Nick Kraska and Rachel Shindelman wanted to be the sole creative forces in a band—but first they had to tie the knot.
"We started talking about this band in theory while we were planning our wedding," Shindelman remembers. "We decided we would start it as soon as the wedding was over."
With that story in mind, it's easy to understand where Post Honeymoon gets its name. Describing the gothic, new wave, stripped-down sound Kraska and Shindelman bring into bloom is trickier. There is no guitar. Bass, drums and keyboards are the only toys allowed. Post Honeymoon embraces silence, letting it act as a fourth instrument juxtaposed against highly rhythmic, electric pulses.
Shindelman's voice is vaguely haunting and her delivery causes full-body chills. She works hard to make sure her style stays authentic. "There are a lot of phenomenal female vocalists and I try not to listen to them too much so that I don't accidentally steal anything from them," Shindelman explains.
Both Kraska and Shindelman spent time in Chicago-based bands Bang! Bang! and New Black. They wanted to find out if their combined ingenuity could propel a project. "A lot of times when you have a band, you present an idea to the group and everybody kind of puts their imprint on it," Kraska says. "We wanted to have an opportunity to just kind of do our own thing with no outside people to temper the ideas."
"There are a lot of phenomenal female vocalists and I try not to listen to them too much so that I don't accidentally steal anything from them."
Post Honeymoon makes sure there's meat on the bones of each track. Usually the bass or the keyboard takes up most of the space. Kraska says trying to achieve robustness by adding more band members and piling on parts doesn't work. "If everything is loud, nothing seems loud anymore," Kraska asserts. "The way to make things seem loud is to have quiet in relationship to loud."
Post Honeymoon casts off excess and captures a song's essence. "The most important parts are what we want to keep," Shindelman says. "We want to cut away the fat and see what's left."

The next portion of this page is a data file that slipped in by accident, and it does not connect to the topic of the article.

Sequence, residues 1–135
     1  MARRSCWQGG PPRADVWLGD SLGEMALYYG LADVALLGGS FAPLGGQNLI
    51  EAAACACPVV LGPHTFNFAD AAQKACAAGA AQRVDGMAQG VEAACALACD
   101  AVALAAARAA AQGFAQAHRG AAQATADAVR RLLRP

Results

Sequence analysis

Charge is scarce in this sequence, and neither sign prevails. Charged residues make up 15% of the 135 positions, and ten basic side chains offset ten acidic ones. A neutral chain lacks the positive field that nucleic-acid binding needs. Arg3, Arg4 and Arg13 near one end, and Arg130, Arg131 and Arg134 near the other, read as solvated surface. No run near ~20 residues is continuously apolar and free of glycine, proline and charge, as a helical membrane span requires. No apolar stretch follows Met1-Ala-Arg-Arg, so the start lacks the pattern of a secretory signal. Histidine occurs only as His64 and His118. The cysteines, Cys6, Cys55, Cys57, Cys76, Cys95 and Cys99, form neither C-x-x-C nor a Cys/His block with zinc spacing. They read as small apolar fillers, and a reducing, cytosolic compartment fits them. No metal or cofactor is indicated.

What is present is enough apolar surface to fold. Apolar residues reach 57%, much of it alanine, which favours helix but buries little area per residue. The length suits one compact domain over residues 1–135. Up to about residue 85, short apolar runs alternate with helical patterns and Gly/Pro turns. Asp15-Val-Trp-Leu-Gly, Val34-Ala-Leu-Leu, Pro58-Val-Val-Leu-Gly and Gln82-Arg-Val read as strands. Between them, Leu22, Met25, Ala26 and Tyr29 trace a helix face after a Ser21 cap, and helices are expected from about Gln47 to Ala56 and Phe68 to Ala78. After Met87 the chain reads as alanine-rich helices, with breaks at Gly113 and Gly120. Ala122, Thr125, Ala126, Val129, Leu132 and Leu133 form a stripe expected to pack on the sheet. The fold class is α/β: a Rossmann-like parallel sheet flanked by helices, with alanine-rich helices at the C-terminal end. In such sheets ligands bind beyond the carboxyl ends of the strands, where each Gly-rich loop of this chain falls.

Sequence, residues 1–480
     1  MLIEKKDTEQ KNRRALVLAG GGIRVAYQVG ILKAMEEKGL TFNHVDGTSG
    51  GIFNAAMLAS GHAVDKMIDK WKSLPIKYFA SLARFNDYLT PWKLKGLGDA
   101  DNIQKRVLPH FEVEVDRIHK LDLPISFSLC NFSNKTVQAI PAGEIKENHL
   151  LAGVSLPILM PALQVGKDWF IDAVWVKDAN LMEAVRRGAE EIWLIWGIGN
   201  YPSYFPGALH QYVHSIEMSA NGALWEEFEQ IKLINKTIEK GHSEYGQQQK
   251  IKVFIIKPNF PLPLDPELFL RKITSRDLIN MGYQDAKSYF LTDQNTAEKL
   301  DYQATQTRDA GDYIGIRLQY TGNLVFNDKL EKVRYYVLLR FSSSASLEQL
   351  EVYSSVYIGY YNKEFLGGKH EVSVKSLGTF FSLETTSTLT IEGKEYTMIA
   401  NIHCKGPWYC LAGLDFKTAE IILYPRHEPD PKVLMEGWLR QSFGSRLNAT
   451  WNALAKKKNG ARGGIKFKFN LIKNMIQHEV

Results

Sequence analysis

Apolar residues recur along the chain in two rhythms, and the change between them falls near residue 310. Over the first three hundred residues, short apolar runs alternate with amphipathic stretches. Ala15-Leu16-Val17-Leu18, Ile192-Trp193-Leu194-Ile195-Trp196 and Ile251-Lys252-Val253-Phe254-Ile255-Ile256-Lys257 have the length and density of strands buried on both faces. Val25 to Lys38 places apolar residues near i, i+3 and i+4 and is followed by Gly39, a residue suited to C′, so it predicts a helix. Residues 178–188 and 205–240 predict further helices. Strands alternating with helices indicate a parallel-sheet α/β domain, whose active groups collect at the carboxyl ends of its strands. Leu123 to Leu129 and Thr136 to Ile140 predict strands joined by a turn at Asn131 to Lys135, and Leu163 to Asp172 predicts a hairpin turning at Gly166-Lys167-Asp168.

The band rebounds from unusual angles when choosing each song's trajectory. A rumbling, almost tribal beat gets sliced by a squawking keyboard interlude or a vicious bass line. It sounds like Kraska and Shindelman are closing their eyes and plunging into whatever their collective subconscious decides to pursue. It seems effortless, but the duo toils diligently before everything takes shape. "It's not like we're in the basement and 15 minutes later we've got an entire song," Kraska says. "We're not that good. We have to take a little time."
Kraska and Shindelman played drums and keyboards, respectively, in their earlier projects. Post Honeymoon marks Shindelman's first foray into the frontwoman role, while Kraska is finding out what it's like to play bass in a band. "It was terrifying for us the first time we played bass or sang at a show," Kraska recalls. "To be at the front of the stage with the mic, I was like, Oh my God, what am I doing?" Kraska, meanwhile, admits he couldn't sing his way out of a paper bag. He does contribute some well-placed shouts every now and then.
Though they enjoy the freedom working as a twosome affords them, Kraska and Shindelman say the creative pressure can be taxing. "All of our other bands were really equal creatively," Shindelman says. "Now, there is no one else to bring in an idea other than ourselves. It's harder, but it's more rewarding."